We have learned so much about how to reach a significant percentage of low and middle-income Kenyans living with hypertension
Nairobi, Kenya (PRWEB) December 04, 2015
Since the launch of Healthy Heart Africa’s demonstration programme in Kenya in October 2014, AstraZeneca and its implementing partners have achieved significant results in increasing awareness on the disease and raising the number of screenings across the country, where 46% of adults have raised blood pressure1.
Working with our partners and with the Ministry of Health, we are committed to raise awareness on a constant basis about what hypertension is, how it can be treated, and how it can be prevented.
FIRST YEAR ACHIEVEMENTS
In just one year AstraZeneca’s Healthy Heart Africa has achieved milestones such as:
- Trained over 2,600 healthcare workers, including doctors, nurses, community health volunteers and pharmacists to provide education and awareness, screening and treatment services for hypertension across 21 counties
- Activated 250 health facilities to provide hypertension services, including the establishment of secure supply chains for low-cost, high-quality antihypertensive medicines
- Developed a hypertension treatment protocol to define the appropriate approach to hypertension care both at the primary care level and in more complex settings working with the Ministry of Health and Key Scientific Societies in Kenya
- Created training materials for health care providers and community health workers on hypertension prevention, screening, diagnosis and treatment
- and by the end of the 2015 we forecast that we will have screened over 1 million patients
Dr Joseph Kibachio, Head of Division of Non Communicable Diseases. Ministry of Health, commented: “We are happy to celebrate the important milestones achieved in Kenya by Healthy Heart Africa, AstraZeneca’s programme addressing hypertension, an urgent area of unmet medical need. We especially appreciate AstraZeneca’s approach to partnership in order to design and implement a leading programme that is integrated into healthcare platforms. We look forward to continuing to partner with AstraZeneca and our implementing partners across Kenya to make sustainable progress in addressing the burden of hypertension in the next months and in the long term.”
Karl Friberg, Vice President, Healthy Heart Africa, said: “Healthy Heart Africa is off to a strong start in Kenya. We have learned so much about how to reach a significant percentage of low and middle-income Kenyans living with hypertension. We are particularly excited about the data being collected – we believe that this will help other stakeholders understand more about the burden of hypertension and cardiovascular disease in Kenya, and how to address it.”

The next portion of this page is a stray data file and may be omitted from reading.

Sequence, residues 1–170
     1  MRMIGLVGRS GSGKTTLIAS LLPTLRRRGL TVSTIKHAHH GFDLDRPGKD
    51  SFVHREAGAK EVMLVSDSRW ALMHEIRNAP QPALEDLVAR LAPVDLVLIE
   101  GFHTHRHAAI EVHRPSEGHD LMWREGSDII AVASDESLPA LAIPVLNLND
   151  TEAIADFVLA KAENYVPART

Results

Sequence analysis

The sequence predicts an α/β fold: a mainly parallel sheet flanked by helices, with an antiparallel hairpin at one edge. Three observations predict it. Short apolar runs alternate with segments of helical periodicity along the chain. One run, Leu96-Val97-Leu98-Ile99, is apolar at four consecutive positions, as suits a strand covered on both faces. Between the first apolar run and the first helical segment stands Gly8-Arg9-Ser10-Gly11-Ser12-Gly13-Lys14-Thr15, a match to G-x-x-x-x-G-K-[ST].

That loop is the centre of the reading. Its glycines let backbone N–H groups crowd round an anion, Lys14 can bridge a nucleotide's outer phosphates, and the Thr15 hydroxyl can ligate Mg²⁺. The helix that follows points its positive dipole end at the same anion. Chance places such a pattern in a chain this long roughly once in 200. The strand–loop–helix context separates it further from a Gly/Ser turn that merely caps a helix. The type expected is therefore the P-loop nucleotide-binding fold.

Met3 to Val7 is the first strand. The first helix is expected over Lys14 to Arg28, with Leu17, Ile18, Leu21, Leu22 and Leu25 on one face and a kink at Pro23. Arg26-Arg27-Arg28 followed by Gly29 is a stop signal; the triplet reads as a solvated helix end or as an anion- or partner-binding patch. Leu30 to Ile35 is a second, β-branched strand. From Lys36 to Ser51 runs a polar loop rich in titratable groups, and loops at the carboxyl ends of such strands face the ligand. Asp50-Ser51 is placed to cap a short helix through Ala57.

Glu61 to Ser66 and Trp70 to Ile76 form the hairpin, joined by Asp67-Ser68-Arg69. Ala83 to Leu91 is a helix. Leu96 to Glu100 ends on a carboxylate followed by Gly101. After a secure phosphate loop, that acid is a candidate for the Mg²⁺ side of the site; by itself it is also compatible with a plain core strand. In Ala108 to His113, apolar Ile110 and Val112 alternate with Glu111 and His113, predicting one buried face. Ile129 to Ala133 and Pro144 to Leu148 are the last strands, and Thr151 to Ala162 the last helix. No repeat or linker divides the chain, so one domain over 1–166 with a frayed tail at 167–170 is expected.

From February to May 2015, AstraZeneca partnered with Abt Associates to conduct an independent baseline survey of Kenyan households and facilities to assess the current state of hypertension awareness and treatment across the areas participating in Healthy Heart Africa4.
Abt Associates interviewed 2,937 people (18 and older) in 1,560 households where the programme is now running.
Although 87% of survey respondents indicated that they had heard of hypertension, levels of knowledge around risk factors and health risks associated with hypertension are low, particularly among rural and lower income populations.
The data collected also indicate a clear need to increase substantive knowledge about the condition and its potential health consequences not only among the general population but furthermore among providers.
Monitoring and reporting is a strategic element of Healthy Heart Africa. In fact, at the conclusion of the 18-month demonstration phase, an end-line survey will be conducted to determine the effect of interventions on hypertension awareness and treatment.
HEALTHY HEART AFRICA KEY PILLARS
Healthy Heart Africa ambition is to reach 10 million hypertensive patients across Sub-Saharan Africa by 2025.
Healthy Heart Africa is built on three key pillars: